Here are the key things to know when considering a construction loan for your project:
Banks are competing for your business. In the interest of competing, a bank will issue an appealing approval letter that spells out the basic terms of the loan, such as interest rate, payment period, estimated monthly payment, and high-level loan conditions. The fact is that the loan-closing conditions will be issued separately once an approval letter is signed and a borrower has begun the loan-closing process. It is important that a borrower understands that the approval letter is not the actual loan agreement and does not contractually obligate the bank to move forward if loan conditions are not met. Since the closing conditions are not listed on the approval, at times those closing conditions can become a sore point for the borrower, as they may not align with the initial expectations.
Bank loans are based on proof of existing revenue. For most business loans, and all construction loans, banks do not perform projection-based lending; the loan amount and monthly payment are determined by existing and current revenues over the last three years. The loan does not consider any possible revenues of the prospective new construction once completed.
Construction loans are disbursed over time, not as a lump sum. Lenders can take different approaches to the disbursement of construction funds, but generally for sums over $500k, they will require the funds to be disbursed as work progresses. Bank requirements may include proof of work completed, proof of payments by contractors, and lien waivers from contractors for the payments made. Construction lending is higher-risk lending and as such is more closely monitored.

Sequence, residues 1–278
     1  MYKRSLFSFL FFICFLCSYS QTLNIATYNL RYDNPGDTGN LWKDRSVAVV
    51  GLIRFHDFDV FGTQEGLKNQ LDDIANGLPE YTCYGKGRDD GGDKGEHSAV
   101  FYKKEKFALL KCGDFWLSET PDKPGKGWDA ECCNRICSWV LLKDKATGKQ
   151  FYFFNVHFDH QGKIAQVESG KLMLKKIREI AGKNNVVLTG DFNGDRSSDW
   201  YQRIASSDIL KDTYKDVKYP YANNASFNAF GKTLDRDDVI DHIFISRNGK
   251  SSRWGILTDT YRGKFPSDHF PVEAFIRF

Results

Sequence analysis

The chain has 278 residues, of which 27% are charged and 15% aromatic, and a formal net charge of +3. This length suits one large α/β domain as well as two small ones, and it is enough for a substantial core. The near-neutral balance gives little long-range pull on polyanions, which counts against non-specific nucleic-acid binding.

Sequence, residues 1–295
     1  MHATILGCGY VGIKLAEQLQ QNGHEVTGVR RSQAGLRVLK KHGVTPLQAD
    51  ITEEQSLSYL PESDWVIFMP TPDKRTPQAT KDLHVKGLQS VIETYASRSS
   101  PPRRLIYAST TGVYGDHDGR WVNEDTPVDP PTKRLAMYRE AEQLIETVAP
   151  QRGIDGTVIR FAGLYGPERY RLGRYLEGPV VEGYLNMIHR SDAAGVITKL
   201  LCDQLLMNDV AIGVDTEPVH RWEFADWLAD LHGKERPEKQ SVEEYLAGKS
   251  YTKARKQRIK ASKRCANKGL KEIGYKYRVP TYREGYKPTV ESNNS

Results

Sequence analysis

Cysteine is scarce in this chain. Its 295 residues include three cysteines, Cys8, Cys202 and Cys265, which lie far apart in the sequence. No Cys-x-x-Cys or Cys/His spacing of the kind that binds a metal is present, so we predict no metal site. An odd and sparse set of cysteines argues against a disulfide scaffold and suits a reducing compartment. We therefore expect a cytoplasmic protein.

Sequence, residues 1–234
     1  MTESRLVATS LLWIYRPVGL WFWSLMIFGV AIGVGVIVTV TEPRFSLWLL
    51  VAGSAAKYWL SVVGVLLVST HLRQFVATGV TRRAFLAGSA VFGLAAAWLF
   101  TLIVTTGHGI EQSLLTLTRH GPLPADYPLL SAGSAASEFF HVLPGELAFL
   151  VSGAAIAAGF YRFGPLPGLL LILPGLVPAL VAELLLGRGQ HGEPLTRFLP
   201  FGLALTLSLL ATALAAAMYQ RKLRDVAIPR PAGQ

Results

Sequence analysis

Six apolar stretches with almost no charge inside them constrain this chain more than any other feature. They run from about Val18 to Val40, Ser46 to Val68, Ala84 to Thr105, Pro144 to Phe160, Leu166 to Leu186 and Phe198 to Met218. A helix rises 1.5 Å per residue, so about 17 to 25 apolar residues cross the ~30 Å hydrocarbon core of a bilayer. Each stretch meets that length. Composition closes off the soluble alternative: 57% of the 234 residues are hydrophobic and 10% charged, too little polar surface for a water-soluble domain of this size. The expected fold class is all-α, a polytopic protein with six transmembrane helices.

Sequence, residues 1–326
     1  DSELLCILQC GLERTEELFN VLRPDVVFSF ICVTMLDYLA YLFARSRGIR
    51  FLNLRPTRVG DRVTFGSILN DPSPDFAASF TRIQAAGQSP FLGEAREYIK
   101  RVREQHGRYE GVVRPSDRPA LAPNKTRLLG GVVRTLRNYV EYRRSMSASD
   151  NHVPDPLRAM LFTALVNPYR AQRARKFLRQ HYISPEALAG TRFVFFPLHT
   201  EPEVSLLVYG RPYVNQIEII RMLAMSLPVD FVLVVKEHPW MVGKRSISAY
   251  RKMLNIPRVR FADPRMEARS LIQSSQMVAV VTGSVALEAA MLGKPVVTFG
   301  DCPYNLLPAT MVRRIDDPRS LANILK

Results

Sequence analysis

Construction loans often have a unique loan structure and interest rate for the duration of the project. Often the additional risk of construction also comes at a much higher interest rate. The terms, requirements, and structure of bank loans vary from one institution to the next, but generally a construction loan is structured with a higher interest rate during a set construction duration (say 18 months) with disbursements made as work is invoiced, with only the disbursed funds accruing interest. The borrower will either be required to pay the accrued interest or will be allowed to let the interest accumulate, and then roll that interest amount into the final loan amount. Once the construction period is complete the loan is termed out for the amount disbursed (plus any accrued interest) and rolled into a new loan, with a new (typically lower) interest rate, a set pay-back period, and a different set of loan conditions (such as prepayment penalties).
Construction loans require continuous assessment of your business financials. In the closing conditions requirements, the bank will specify additional financial reporting during the disbursement phase of the construction loan. Generally, the bank will monitor the borrower financials, liquidity, and credit rating throughout the construction period. Should the bank find a deviation from expected trends, such as unforeseen additional debts, declining financials, or unexpected drops in liquidity, they will reserve the right to pull the loan. Typically, the bank will work with a borrower to mitigate this risk, and may require additional loan collateral or guarantors. However, in the worst case they would cease further funding on a partially completed project and require the loan to enter repayment without their support in funding further construction. It is critical that a borrower be transparent with their bank about all financial plans in advance, so that no surprises occur that upset their financial agreement with the bank.